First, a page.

In last week’s Tip, we posed a test of your ability to identify statements that express feelings rather than interpreting other’s feelings or behavior. The statements in bold print are feeling statements. The remaining statements either express: our interpretation of how others feel or behave, our thoughts rather than our feelings, or our feelings with words that are too vague.
1. “I feel you don’t want me here.”
2. “I’m glad that you’re back home.”
3. “I feel angry when you do that.”
4. “When you don’t invite me to dinner with your friends, I feel rejected.”
5. “I’m terrified about the situation.”
6. “You’re infuriating.”
7. “I feel like hugging her.”
8. “I feel misunderstood.”
9. “I feel bad about what he did.”
“People are disturbed not by things, but by the view they take of them.” Epictetus
According to Dr. Marshall Rosenberg in Nonviolent Communication: A Language of Life, the third component of Nonviolent Communication requires that we learn how to take responsibility for our feelings.
We do this by acknowledging the root cause of our feelings. What others say or do may be the stimulus for our feelings, but not the cause of our feelings. Our feelings result from how we choose to receive what others say or do, as well as our specific needs and expectations in that situation.
NVC identifies four options for receiving verbal or nonverbal negative messages. We can:
(1) take it personally by hearing blame and criticism. In this case, we accept the
speaker’s judgment and blame ourselves.
(2) blame the speaker. In this case, we often get angry with the speaker.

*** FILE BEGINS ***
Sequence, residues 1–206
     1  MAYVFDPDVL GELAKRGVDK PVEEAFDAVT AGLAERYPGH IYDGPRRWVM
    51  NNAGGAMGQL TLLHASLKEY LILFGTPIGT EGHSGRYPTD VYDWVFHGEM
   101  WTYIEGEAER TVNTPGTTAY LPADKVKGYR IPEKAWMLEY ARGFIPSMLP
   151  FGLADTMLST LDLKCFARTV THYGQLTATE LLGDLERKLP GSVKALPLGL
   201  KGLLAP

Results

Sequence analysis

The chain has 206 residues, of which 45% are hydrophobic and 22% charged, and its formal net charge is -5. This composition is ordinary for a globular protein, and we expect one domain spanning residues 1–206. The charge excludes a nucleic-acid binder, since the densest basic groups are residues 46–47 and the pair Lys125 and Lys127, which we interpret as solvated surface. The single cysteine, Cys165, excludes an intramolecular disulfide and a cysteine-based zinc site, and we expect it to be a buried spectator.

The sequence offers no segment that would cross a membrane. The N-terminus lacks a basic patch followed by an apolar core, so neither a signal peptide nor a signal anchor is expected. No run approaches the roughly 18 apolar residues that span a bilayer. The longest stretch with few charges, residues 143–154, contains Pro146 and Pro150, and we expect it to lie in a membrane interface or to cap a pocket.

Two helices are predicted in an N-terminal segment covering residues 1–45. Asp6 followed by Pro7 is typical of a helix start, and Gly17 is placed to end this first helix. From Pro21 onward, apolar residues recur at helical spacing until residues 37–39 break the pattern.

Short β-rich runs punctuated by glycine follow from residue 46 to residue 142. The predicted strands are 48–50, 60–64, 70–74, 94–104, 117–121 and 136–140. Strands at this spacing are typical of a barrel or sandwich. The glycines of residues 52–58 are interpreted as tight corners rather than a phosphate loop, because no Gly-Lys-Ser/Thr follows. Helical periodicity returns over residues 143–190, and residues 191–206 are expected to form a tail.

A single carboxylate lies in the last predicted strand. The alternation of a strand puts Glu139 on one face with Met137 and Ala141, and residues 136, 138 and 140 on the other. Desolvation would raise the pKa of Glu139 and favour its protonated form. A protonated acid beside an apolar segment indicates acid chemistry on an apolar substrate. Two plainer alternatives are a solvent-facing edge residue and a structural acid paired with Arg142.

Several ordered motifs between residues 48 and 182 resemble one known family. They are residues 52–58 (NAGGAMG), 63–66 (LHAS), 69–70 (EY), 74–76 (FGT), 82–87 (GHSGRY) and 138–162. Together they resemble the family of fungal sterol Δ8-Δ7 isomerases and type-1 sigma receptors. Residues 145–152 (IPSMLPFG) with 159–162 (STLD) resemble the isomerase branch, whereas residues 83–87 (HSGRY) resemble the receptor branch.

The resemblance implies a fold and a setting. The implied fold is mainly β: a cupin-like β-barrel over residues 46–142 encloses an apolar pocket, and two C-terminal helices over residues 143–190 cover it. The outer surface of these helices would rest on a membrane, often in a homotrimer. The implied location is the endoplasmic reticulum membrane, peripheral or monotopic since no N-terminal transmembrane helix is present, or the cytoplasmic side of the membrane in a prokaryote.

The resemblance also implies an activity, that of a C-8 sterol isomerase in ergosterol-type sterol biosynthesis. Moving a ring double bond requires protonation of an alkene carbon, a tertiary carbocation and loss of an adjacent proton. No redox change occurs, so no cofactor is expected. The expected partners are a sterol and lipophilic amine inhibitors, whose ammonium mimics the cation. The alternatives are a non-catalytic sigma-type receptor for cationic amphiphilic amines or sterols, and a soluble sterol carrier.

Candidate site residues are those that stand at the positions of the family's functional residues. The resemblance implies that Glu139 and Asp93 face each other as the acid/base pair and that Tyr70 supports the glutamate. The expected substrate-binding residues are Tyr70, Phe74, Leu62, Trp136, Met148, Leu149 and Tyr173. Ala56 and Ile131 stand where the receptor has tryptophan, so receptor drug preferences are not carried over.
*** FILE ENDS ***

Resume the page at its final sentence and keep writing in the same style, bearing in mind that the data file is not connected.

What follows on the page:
(3) recognize that our response has to do with our own feelings and needs. In this
case, we become conscious that our feeling is caused by the fact that our needs are not being met.
(4) explore the speaker’s underlying feelings and needs that prompted the message.
In this case, we focus on the speaker rather than our reaction.
Assertiveness training teaches us to accept responsibility for our feelings, rights and needs. NVC takes this one step further by adding that: “We accept responsibility for our feelings, rather than blame other people, by acknowledging our own needs, desires, expectations, values or thoughts.”
For example, when I say, “You hurt my feelings when you didn’t call me back right away, ” I attribute my hurt feelings to the other person’s behavior.
However, when I say, “I was hurt when you didn’t call me back right away, because I really wanted to plan to get together tonight,” I attribute my hurt feelings to my unfulfilled desire to get together.
An important NVC concept is that the more we are able to connect our feelings to our own needs, the easier it is for other to respond in a compassionate manner.
There are three common speech patterns that make it sound as if we are stating how we feel, but actually end up blaming others:
1. Using impersonal pronouns such as it and that. For example, “It really frustrates me when the Internet is slow.” “That worries me.”
2. Using the expression “I feel (an emotion) because… (followed by a person or personal pronoun other than I)”. For example, “I feel sad because you forgot my gift.” “I feel terrified because my landlord has not changed our locks yet.”
3. Using statements that mention only the actions of others. For example, “When you constantly forget my name, I feel badly.” “Grandma is nervous when you don’t come when I call you.”